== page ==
To bring up the whole female humor thing again... JWT has just done a global study on the differences in what men and women find to be funny. I'm not sure if the study is available to the public, but here's a summary of the findings (which are not groundbreaking, but it's still interesting that this was studied around the globe).
(One thing this article doesn't mention is that a lot of women in the study are wondering why ads targeting them aren't FUNNY. Agreed).
LONDON: Do men and women have a different sense of humour? Yes, says a report by global advertising agency JWT.
While men prefer gags with a punch line, women laugh at stories that relate to their everyday lives, according to the report.
Male humour is based on competition and impressing those around them, whereas women use jokes to achieve intimacy and to make people feel at ease, the report adds.
Diana Coulson, director of strategic planning at JWT Paris, said: "The key thing that emerged was that women's main source of humour is from the everyday, the little issues, stuff they observe and that happens to them.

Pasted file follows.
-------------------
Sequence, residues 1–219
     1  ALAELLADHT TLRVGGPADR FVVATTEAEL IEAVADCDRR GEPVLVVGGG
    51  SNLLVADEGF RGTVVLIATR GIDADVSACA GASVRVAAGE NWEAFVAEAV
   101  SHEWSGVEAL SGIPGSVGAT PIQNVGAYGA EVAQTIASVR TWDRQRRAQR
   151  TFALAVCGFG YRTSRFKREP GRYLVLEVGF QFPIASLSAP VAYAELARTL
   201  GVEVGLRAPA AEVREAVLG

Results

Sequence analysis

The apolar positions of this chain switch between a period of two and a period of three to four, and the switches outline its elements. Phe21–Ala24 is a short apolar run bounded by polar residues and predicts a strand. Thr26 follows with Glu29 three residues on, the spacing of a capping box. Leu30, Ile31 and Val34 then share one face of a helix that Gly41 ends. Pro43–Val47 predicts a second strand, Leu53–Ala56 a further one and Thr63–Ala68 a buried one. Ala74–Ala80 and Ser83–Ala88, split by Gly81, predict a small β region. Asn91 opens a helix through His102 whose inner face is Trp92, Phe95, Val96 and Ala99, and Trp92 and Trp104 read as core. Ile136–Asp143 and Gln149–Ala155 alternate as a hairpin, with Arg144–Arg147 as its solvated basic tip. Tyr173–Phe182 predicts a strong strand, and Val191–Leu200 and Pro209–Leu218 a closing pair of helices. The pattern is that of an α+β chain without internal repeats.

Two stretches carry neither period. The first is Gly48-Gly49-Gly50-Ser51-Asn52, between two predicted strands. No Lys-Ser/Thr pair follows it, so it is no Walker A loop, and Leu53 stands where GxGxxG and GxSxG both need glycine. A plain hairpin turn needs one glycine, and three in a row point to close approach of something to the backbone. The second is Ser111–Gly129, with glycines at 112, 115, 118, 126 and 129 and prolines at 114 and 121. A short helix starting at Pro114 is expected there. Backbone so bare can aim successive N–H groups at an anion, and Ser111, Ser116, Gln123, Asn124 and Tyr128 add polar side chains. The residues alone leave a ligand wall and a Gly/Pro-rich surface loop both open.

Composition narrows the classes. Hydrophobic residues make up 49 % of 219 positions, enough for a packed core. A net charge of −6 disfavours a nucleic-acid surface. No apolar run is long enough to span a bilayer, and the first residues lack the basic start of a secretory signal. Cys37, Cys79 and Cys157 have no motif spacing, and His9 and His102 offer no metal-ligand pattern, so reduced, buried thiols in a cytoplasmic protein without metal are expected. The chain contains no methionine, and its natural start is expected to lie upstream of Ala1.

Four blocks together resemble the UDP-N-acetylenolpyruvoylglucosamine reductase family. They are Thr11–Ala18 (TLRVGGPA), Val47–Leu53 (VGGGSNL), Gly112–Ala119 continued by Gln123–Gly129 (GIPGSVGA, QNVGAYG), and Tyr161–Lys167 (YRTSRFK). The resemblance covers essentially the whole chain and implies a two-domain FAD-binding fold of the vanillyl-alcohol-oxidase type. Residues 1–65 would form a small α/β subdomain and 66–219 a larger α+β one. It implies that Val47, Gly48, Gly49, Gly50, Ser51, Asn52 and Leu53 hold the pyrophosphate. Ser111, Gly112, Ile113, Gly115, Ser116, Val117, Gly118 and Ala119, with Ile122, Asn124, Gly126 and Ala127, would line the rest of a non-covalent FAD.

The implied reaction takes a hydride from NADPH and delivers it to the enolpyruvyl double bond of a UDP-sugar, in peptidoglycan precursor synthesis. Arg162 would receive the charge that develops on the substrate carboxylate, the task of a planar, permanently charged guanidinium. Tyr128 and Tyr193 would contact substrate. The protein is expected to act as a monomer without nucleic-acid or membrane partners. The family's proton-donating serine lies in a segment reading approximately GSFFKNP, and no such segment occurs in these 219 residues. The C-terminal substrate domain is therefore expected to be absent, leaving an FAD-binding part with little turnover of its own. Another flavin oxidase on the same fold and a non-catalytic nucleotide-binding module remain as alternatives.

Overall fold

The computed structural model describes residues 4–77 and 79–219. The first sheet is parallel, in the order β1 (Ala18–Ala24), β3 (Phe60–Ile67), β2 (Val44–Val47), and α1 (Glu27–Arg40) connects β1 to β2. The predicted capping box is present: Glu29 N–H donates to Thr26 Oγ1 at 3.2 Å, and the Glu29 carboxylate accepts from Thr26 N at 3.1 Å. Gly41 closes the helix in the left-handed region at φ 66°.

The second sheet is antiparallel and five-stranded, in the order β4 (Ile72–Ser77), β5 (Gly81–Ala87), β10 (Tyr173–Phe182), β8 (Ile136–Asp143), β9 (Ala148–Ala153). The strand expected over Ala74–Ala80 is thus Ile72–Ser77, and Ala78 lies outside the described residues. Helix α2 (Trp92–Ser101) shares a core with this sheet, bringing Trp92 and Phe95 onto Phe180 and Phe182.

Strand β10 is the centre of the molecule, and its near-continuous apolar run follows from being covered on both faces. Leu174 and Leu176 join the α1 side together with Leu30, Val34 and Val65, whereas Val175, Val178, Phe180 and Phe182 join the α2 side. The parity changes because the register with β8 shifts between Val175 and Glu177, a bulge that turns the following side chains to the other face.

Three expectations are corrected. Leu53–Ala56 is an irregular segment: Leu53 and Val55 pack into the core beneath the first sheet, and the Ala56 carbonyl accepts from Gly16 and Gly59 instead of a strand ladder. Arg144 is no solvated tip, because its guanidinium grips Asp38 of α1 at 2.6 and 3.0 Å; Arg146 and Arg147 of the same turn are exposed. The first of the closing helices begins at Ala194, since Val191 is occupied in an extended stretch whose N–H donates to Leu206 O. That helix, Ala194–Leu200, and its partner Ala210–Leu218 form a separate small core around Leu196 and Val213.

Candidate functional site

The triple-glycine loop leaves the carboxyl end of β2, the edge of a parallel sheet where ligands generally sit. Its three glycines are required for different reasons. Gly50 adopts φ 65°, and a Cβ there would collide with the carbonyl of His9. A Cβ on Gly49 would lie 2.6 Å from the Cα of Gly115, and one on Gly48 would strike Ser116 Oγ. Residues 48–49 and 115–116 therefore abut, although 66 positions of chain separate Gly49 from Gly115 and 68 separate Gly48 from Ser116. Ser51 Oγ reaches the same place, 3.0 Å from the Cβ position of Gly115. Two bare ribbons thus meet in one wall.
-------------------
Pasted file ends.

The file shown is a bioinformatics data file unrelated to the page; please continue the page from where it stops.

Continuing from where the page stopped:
"They can find humour in a household chore, or something silly that somebody says to them at work. Men use humour in a much more competitive way.
"Men want to be funny to show off and to get people to admire them. It's all about scoring points, whereas with women humour is much more a way of creating an attachment, bonding and getting intimate with people.
"They are instinctively enhancing their relationships," Coulson said.
However, there are other specialists and experts who would differ with the JWT findings.
Mike Lowis, a chartered psychologist who has researched male and female attitudes to humour, told The Guardian that both sexes found real-life situations amusing.
"We all like humour that's based on real experiences. My own research showed there were no significant gender differences. Being married and having to put up with one another's foibles, going to the dentist, the doctor or the hospital, men and women tend to find humour in those experiences."
Lynne Parker, the producer of Funny Women, a platform for female comics, who took part in the research, agreed the findings were too black and white.
She said: "In terms of what women find funny and what men find funny, I think the lines are probably a little more blurred than the report suggests."